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Corporate Names: Emotions, Brands And Relationships

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Corporate Names: Emotions, Brands And Relationships

Business

Corporate Names: Emotions, Brands And Relationships

Corporate Names: Emotions, Brands And Relationships

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When General Electric was born more than a century ago, there was no more logical name to give it than General Electric. Same with Standard Oil, General Motors and General Tire. But today's companies — like Exxon and Verizon — have names that are much less logical.

STEVE INSKEEP, host:

When General Electric was born more than a century ago, it went on to become one of many companies with names that implied universal appeal and consistency, think Standard Oil, General Tire. Now with General Motors and General Electric facing hard times, our generals are in retreat. Here's NPR's Katia Dunn.

KATIA DUNN: In the mid-1980's General Motors ran a commercial showing a generic-looking salesman slashing prices.

(Soundbite of ad)

Unidentified Man: Nobody but General Motors offers so many deals on so many cars for so many people.

DUNN: The message in this ad is simple. General Motors has all types of cars and lots of people to buy them. At the time, that was a standard sales technique.

(Soundbite of ad)

Unidentified Man #1: Standard Oil. More new car owners in the Midwest use our lead-free Amoco than any other brand.

DUNN: That ad ran in 1976 for Standard Oil.

MR. ROBERT PASKOFF (Brand Keys): And that's a commodity. That's not a brand.

DUNN: Robert Paskoff is president of Brand Keys. He says when these early large companies were building their reputations, they used the terms standard and general. It was simply the best way to introduce consumers to the products they wanted to buy for a good price. But in the late part of the 20th century, the ads all started to sound alike.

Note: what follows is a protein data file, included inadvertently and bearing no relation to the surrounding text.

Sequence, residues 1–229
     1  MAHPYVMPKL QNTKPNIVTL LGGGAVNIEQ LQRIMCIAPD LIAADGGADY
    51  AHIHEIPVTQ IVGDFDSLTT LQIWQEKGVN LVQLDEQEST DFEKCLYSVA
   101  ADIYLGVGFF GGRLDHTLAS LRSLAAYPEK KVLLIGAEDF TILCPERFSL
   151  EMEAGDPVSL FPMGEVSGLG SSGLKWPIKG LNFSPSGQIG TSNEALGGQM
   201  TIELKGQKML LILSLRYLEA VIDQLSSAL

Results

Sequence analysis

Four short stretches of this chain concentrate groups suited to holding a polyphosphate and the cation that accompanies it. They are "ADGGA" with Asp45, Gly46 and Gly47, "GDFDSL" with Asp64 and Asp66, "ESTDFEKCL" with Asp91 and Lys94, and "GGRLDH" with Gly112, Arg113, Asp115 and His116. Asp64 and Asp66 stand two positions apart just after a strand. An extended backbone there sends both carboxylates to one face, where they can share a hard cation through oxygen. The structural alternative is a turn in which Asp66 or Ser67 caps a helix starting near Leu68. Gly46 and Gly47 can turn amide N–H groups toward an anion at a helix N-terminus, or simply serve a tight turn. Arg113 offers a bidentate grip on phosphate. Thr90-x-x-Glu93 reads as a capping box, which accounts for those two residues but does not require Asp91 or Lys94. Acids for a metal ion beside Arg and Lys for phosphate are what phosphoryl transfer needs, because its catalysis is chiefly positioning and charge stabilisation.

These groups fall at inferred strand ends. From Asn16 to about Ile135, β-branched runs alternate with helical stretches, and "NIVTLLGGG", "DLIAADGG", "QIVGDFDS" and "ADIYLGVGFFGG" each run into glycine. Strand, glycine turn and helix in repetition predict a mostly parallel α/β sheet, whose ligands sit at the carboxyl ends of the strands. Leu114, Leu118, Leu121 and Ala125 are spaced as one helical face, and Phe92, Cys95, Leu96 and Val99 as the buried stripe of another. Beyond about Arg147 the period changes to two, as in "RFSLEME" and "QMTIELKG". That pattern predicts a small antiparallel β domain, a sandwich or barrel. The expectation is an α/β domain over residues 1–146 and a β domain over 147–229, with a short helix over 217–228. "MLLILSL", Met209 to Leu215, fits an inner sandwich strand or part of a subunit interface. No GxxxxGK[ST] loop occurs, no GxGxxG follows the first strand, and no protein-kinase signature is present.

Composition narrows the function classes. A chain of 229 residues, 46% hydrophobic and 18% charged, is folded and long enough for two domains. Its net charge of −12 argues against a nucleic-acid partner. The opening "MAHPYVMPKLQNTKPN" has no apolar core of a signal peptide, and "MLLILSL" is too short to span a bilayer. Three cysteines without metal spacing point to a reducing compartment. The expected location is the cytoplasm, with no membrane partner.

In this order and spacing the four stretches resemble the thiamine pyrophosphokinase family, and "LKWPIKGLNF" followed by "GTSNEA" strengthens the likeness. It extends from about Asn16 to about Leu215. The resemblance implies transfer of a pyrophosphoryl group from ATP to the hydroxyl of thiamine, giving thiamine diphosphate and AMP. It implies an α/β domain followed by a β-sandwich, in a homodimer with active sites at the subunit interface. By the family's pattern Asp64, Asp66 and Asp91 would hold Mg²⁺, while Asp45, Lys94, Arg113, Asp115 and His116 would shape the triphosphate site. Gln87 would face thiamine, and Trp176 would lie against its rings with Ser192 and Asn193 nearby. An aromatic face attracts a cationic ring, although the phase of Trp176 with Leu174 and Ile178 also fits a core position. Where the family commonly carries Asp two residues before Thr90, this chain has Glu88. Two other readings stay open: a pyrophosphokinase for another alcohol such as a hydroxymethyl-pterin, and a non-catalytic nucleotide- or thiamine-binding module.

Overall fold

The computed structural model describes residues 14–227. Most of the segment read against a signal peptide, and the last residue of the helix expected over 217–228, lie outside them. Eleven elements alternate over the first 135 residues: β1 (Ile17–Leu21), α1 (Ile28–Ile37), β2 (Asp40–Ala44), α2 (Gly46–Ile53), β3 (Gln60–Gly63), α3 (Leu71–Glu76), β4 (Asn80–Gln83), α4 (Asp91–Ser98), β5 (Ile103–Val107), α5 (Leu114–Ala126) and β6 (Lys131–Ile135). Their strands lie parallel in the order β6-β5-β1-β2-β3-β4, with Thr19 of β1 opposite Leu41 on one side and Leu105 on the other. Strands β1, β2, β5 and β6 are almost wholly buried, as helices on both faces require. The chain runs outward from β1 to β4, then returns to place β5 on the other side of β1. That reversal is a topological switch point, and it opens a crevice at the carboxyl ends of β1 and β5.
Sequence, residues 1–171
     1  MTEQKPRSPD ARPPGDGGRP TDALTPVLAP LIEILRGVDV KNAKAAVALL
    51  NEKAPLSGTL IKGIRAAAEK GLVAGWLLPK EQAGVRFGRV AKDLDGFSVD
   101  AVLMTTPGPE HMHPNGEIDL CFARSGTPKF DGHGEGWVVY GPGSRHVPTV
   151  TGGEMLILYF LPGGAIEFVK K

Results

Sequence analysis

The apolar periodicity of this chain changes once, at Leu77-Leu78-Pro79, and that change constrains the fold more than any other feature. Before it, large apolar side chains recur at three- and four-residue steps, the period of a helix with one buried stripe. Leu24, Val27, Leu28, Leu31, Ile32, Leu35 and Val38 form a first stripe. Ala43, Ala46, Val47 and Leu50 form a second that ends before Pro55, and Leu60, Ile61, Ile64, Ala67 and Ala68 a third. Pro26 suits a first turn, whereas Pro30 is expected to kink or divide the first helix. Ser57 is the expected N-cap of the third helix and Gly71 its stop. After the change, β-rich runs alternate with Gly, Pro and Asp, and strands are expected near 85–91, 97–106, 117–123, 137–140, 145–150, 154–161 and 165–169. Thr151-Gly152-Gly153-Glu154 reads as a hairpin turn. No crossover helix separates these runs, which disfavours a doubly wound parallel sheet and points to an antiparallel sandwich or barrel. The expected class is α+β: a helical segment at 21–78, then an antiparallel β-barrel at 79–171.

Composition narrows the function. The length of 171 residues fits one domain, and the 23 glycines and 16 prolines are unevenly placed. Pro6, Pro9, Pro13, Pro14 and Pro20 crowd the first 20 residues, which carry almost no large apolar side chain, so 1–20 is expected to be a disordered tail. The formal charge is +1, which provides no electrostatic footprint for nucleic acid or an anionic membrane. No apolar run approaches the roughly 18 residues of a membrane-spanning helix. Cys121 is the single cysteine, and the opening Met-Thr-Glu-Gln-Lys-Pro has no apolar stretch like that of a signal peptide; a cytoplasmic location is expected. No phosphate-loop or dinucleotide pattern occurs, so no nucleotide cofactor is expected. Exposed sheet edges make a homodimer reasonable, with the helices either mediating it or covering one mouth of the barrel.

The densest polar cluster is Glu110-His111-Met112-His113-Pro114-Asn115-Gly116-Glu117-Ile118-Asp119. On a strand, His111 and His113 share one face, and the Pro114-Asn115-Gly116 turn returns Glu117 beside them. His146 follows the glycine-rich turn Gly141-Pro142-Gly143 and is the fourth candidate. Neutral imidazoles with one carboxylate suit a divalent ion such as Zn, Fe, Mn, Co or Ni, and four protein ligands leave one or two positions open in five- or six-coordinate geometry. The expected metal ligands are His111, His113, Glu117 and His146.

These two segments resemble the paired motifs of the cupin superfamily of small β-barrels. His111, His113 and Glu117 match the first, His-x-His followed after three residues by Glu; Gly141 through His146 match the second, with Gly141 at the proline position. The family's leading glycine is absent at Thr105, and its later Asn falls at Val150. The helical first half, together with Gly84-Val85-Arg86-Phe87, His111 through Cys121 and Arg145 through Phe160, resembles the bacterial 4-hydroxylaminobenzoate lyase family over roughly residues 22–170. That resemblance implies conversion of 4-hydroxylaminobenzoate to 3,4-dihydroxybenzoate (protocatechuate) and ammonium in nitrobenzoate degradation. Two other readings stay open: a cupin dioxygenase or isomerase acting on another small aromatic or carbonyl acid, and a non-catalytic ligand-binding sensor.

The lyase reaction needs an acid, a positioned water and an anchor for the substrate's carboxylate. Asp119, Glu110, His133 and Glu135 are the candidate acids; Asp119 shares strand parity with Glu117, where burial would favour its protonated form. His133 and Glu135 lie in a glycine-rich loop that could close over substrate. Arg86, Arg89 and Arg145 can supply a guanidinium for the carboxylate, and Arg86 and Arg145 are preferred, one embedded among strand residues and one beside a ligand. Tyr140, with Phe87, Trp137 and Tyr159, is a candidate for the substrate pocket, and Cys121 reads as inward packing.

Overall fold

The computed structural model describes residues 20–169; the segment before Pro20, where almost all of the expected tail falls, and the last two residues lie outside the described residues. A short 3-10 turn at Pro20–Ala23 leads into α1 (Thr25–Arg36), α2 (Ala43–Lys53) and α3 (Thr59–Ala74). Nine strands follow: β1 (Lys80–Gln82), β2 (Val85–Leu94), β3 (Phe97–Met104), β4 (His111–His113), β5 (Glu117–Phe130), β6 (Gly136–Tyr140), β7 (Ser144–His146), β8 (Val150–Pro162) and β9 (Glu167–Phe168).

Mr. PASKOFF: By 1985, everyone was pretty much doing everything the same way.

DUNN: Companies needed to distinguish themselves from their many competitors, plus consumers were starting to control the information that came to them. They flipped the channels, they tuned out. If they didn't like the product, they didn't use it. Today, Paskoff says, rational name recognition is simply not enough to make the sale.

Mr. PASKOFF: If I say General Motors to you, you'd probably go, uh, and that uh is the sound of a brand that's dying.

DUNN: Now consultants say companies want consumers to form emotional relationships with brands. That leaves more to the imagination. And it's easier to do with mysterious names. Standard Oil of New Jersey becomes Exxon; part of AT&T became Verizon. Of course some companies have adopted these meaningless names in an effort to break up with consumers and start over.

(Soundbite of ad)

Unidentified Man #2: Give me a cigarette, will you, huh?

Unidentified Woman: Don't say cigarette, say Phillip Morris.

Unidentified Man #2: Oh? Is there any other kind?

DUNN: In 2007, Philip Morris became Altria. Just last month the contractor Blackwater changed its name. The company got a lot of bad press after the Iraqi government expelled it. It's new name? Xe, spelled X-E.

Katia Dunn, NPR News, Washington.

(Soundbite of music)

INSKEEP: Our brand is the same. It's NPR News.

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